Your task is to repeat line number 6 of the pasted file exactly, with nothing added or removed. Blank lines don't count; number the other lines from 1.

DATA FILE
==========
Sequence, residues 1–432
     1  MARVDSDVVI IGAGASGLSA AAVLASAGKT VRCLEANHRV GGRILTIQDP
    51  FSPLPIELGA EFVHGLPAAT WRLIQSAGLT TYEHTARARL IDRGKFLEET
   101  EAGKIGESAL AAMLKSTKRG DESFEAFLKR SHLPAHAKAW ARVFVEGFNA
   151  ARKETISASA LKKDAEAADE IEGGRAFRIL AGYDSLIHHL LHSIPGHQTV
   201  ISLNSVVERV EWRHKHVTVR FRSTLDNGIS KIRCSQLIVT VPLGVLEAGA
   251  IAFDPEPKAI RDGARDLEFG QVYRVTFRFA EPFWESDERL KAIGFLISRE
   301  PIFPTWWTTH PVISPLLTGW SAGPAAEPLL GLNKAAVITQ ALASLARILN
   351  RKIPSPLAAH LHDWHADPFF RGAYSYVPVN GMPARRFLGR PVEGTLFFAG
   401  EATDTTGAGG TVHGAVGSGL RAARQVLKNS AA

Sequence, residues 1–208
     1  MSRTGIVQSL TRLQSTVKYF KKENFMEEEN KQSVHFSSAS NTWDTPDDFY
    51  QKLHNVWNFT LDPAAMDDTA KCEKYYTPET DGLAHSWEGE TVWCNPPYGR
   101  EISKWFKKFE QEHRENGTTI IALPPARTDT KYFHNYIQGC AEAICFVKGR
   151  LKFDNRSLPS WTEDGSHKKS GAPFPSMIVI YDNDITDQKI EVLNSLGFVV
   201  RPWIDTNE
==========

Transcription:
   201  ISLNSVVERV EWRHKHVTVR FRSTLDNGIS KIRCSQLIVT VPLGVLEAGA